is a Milwaukee-based freelance writer.
is a softbound, 150-page book with 50 black-and-white photos by the author. The book features interviews with B.B. King, Buddy Guy, Hubert Sumlin, Gregg
Allman, Johnny Van Zant (Lynyrd Skynyrd), Jonny Lang, Robert Cray, Corky Siegel, Edgar Winter, Johnny Winter, Pinetop Perkins,
Graham Parker, Bob Margolin, Kim Simmonds (Savoy Brown), Roger Glover (Deep Purple), Bonnie Raitt and more. Buy it online.
EXCERPTS FROM "TOMBSTONE BLUES":
From the interview with BUDDY GUY:
That polka-dot Stratocaster has been with you a long time.
That's Fenders Buddy Guy signature model. When I left Louisiana in 1957,
I told my mother I was going to Chicago, gonna make a lot of money, and come back
and buy her a polka-dot Cadillac. Then later she had a stroke, so I never did get a
chance to give her that car. Those polka-dots on my guitar are for her.
From the interview with ROBERT CRAY
One of the best numbers in the movie "Lightening in a Bottle" is your duet with Shemekia Copeland.
Thank you. I loved being a part of that whole weekend. Just being in the wings watching the performers
or being in the dressing room and being able to pay respects to musicians I admired was an honor. I had the chance to talk
with Honeyboy [Edwards], Solomon Burke, Ruth Brown, Hubert Sumlin. It was just awesome.
From the interview with HUBERT SUMLIN
In the months to come, Sumlin devoted countless hours to practicing on his guitar.
He also began sneaking into the local roadhouse taverns where black musicians were allowed to play.
These were dangerous places for adults, much less a boy of ten. On Saturday nights, the bootleg whiskey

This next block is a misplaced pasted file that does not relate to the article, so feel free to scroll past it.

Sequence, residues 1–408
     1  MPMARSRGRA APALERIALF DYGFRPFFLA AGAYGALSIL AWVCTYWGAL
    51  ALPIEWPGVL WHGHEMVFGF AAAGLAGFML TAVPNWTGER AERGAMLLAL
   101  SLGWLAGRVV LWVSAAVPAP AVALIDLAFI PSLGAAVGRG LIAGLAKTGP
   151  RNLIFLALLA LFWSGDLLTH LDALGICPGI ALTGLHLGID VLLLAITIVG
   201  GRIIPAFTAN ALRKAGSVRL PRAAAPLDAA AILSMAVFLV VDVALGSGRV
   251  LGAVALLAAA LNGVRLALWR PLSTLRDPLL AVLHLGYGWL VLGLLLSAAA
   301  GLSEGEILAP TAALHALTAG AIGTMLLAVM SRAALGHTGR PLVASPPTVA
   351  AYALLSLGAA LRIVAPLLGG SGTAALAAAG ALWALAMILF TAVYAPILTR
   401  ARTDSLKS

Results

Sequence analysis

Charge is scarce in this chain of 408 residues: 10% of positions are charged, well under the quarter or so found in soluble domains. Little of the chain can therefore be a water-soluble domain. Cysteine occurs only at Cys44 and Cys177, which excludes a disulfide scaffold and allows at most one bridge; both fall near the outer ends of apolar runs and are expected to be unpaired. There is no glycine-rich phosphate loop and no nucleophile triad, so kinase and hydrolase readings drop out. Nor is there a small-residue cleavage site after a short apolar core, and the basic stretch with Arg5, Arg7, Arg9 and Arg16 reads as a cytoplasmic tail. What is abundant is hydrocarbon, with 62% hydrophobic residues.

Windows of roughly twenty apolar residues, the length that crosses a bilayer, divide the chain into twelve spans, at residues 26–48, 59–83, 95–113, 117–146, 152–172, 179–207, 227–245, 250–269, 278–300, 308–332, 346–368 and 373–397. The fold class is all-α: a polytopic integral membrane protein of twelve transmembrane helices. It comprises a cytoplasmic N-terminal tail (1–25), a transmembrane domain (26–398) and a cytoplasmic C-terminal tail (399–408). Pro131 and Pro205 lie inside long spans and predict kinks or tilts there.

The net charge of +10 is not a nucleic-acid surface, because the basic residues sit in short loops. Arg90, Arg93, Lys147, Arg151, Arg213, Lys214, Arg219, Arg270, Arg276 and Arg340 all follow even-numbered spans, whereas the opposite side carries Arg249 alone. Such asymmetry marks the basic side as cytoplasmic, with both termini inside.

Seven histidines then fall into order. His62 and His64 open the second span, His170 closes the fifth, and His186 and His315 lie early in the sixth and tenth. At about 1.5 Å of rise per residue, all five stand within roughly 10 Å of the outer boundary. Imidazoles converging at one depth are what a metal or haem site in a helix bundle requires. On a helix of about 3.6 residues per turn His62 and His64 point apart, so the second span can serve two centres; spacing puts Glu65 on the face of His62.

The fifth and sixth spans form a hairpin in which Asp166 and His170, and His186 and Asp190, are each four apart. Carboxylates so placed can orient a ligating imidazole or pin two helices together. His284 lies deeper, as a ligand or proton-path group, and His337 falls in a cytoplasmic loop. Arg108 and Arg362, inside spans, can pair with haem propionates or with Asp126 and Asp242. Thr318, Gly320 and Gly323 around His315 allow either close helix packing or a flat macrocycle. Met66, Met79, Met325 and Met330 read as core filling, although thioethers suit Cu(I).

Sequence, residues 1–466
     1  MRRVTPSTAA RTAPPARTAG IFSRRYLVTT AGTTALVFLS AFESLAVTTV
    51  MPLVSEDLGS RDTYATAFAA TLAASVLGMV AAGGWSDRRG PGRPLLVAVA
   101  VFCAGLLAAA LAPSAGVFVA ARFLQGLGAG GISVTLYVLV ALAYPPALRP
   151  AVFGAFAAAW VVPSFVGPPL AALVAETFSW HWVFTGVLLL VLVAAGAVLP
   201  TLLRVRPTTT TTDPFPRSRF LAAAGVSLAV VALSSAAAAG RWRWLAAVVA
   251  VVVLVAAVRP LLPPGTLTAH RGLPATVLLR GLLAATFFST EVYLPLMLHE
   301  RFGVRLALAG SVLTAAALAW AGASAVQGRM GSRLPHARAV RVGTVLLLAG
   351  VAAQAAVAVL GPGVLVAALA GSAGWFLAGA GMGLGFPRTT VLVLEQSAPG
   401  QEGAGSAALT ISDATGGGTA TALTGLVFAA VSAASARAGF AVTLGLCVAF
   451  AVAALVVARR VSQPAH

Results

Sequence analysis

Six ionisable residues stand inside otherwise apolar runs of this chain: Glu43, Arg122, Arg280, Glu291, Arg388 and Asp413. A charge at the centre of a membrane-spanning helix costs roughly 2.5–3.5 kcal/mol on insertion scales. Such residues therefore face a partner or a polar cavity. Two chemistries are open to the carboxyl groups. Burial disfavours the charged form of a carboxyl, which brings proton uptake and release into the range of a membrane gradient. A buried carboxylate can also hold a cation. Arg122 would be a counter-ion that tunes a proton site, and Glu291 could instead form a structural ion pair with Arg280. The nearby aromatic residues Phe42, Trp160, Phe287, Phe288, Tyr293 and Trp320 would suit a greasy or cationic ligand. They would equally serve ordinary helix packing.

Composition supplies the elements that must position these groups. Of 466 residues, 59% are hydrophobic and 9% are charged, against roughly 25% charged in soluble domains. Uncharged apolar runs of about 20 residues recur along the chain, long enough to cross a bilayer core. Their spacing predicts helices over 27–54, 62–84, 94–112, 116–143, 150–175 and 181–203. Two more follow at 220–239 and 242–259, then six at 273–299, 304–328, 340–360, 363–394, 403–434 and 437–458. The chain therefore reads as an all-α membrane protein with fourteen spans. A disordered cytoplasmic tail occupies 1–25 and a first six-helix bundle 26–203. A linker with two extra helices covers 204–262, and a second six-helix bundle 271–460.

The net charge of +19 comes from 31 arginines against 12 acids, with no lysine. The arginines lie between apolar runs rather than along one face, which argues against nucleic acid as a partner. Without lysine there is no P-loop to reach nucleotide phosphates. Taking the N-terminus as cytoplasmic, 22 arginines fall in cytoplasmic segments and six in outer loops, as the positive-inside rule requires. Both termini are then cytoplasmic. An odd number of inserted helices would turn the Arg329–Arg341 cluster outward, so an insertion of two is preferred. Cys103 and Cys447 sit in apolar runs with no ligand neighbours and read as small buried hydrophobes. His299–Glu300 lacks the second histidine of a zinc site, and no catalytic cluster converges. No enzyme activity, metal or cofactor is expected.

flowed freely and tempers flared. A casual glance at another man's woman often erupted into violence,
sometimes fatally. Hours later the sunrise and Sunday church services offered redemption, the sacred once
again co-existing with the profane. "At that time Howling Wolf's band was playing a lot, and I went off to see them every chance I got,"
Sumlin says. "I used to find a lady walking into the roadhouse and I'd kind of slip under her skirts to get past the man at the door."
Sumlin says once inside he was inevitably caught and thrown out. "So I hit upon the idea of piling a bunch of Coca-Cola cases on top of
each other by the outside wall. I'd climb on top of those crates and watch the band though a little space by the exhaust fan."
From the interview with B.B. KING
What inspired you to become a musician?
I was poor! We never had anything when I was growing up, never had our own home.
I picked cotton for a dollar a day, I baled hay by hand, planted corn and soybeans.
Then I was offered $3 a day to drive a tractor. But once I got better on the guitar,
I could stand on Church Street in Indianola (Miss.) and make $50 or $60 in one evening.
Now, why would I want to keep driving that tractor?
From the interview with HONEYBOY EDWARDS
Besides your father, who was your biggest influence?
Big Joe Williams. He taught me everything. Without him, I don't think I'd be here.
I met Joe when I was 16, he was maybe in his 30's then. Just a hobo, but man he could play the blues.
My dad let me go out on the road with Joe that year. We played the whiskey houses in Jackson, Vicksburg,
everywhere, made it down to New Orleans. Me and Joe would hop a freight train and go to the next town.
Friday nights we'd find a country dance, maybe make five and six dollars apiece. Joe was the laziest man
you ever saw, but he knew how to hustle them dimes and quarters. And that's really what I learned from him.
How to make the money!
From the interview with GREGG ALLMAN
You and your brother had a tough childhood in Nashville.
Well, I was 2 when my dad was killed, so I never knew him, and never really had an idea of what
it was like to grow up with a father. My idea of a father was when I'd go over to a friend's house a
nd some drunk would be beatin' him. I was thankful I didn't have one of those. Only time I missed having a dad was
for Boy Scouts or somethin' like that.
From the interview with JOHNNY WINTER
You sat in with B.B. King when you were 18 years old.